1) Where IRD draws the line on what is designed as fitout. Will lifts, wiring, ceilings and air conditioners remain classified as fixtures and fittings?
2) Whether the IRD grandfathers existing deductions, IE makes the new rules only applicable to new investments.
3) Whether IRD permits the expense incurred in replacing fitout to be deductible as repairs and maintenance.
He estimates as much as 50% to 75% of assets currently classified as fixtures and fittings could be reclassified as buildings and therefore not be depreciable.
Although the depreciation provisions of the Income Tax Act do apply to buildings, Ridgewell points out there's no definition of 'building' in the Act.
Until recently IRD's distinction between buildings on the one hand and fixtures and fittings on the other, has only determined the time period over which the asset has been depreciable and whether loss on sale can be claimed. However, the Government's May 20 Budget has changed this with depreciation no longer permitted on buildings from April 2011.
"The definition of 'building' has therefore become of much greater importance to landlords," says Ridgewell.
Using a three step process in the residential rental property review the IRD decided most assets previously considered to be fixtures and fittings should now be considered part of the building structure for residential properties.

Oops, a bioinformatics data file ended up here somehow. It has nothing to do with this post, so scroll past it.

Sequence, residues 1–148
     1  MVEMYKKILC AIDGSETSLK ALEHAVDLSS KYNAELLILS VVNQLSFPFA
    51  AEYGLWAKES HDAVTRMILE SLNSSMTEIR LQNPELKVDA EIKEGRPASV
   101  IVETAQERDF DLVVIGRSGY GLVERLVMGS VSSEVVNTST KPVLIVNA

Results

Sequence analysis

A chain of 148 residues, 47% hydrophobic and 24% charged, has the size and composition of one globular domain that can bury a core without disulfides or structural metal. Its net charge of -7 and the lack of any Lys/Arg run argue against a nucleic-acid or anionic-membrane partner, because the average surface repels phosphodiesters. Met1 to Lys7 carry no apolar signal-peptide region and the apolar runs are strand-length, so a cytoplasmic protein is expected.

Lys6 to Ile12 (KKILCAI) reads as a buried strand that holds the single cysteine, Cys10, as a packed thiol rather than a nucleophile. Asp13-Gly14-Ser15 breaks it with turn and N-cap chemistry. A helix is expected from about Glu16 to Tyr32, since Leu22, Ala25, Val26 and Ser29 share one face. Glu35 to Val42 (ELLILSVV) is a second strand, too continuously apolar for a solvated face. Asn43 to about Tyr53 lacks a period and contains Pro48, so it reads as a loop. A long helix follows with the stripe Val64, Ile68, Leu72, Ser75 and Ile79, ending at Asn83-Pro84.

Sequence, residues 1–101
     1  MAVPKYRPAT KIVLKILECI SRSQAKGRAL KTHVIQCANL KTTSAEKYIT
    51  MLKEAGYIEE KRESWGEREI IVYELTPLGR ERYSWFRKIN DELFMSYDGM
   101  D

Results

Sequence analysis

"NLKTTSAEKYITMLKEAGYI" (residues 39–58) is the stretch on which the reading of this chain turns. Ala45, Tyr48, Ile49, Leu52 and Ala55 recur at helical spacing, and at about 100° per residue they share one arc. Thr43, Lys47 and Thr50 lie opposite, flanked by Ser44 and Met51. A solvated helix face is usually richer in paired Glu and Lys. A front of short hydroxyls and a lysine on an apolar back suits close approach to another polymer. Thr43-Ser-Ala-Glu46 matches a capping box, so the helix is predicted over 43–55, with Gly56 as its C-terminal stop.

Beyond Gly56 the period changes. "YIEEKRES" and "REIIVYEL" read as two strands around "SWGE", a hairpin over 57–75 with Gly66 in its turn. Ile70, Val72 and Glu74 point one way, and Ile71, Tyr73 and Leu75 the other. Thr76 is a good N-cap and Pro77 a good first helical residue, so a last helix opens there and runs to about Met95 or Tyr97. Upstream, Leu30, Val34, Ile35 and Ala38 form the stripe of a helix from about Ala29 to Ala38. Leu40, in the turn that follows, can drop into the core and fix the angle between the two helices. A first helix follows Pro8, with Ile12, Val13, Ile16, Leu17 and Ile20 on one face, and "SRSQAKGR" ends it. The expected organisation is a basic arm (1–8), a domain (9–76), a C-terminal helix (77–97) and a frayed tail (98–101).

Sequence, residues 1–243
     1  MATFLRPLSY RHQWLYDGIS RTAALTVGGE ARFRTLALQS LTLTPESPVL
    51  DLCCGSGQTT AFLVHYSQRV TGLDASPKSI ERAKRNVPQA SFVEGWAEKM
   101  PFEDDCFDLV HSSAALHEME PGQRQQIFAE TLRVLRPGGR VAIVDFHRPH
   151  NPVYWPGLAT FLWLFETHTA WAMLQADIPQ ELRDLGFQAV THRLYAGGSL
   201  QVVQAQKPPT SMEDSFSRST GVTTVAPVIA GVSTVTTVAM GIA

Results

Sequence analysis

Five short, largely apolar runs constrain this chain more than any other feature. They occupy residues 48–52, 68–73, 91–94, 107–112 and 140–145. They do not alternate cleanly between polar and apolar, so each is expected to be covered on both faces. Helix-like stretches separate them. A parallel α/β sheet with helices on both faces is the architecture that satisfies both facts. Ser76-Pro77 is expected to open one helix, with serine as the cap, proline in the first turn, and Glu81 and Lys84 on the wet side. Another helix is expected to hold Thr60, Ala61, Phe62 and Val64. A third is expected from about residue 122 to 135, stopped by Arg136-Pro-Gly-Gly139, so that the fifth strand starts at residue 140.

The process includes:
1) Determining whether the asset is physically attached to the building in some way. If not it can be depreciated as a separate asset.
2) If an asset is attached to the building, it must also be integral so that the building would not be complete without it. If the asset is integral it cannot be depreciated as a separate asset.
3) If an asset is not integral, determine whether the asset is attached in such a way that it is considered to be part of the fabric of the building.
Assets previously assessed as having a useful economic life of less than 15 years, such as carpets and curtains, have generally retained their classification as separate assets and can therefore still be depreciated.
But most assets previously assessed as having useful economic lives longer than 20 years, including lifts, electrical wiring, plumbing, ceiling grids and tiles, have been reclassified as being part of the building and from next April won’t be depreciable.
Ridgewell notes that air conditioning systems seem to be grey area. Although systems that are considered to be in use for 24 hours have retained their status as separate assets, air conditioning units not used so intensively have been reclassified as part of the building.
The Macquarie report argues IRD's possible new depreciation rules won't reflect economic reality with punitive impacts on landlords.
"In re-classifying assets such as air conditioning systems to be part of the building rather than separate assets, the IRD is in effect arguing those assets have a useful economic life of 50 years or more," says Ridgewell.
"This is contrary to the IRD's previous views of their economic lives (generally 20 to 25 years) and moreover, far removed from economic reality (which is 15 to 25 years)."
Furthermore he notes air conditioning units generally last longer in residential homes than commercial buildings.
Thus misalignment of depreciation rules to economic reality will have unintended but predictable consequences including:
- Declining quality of building stock.
- Higher rents in the long-term.
-Loss of investment.
- Restructuring of leases so that tenants or third parties maybe able to do fitouts on behalf of landlords.
“We suggest if that if the potential tax changes are adopted property values will fall, and that the decline in development land values could be particularly sharp,” says Ridgewell.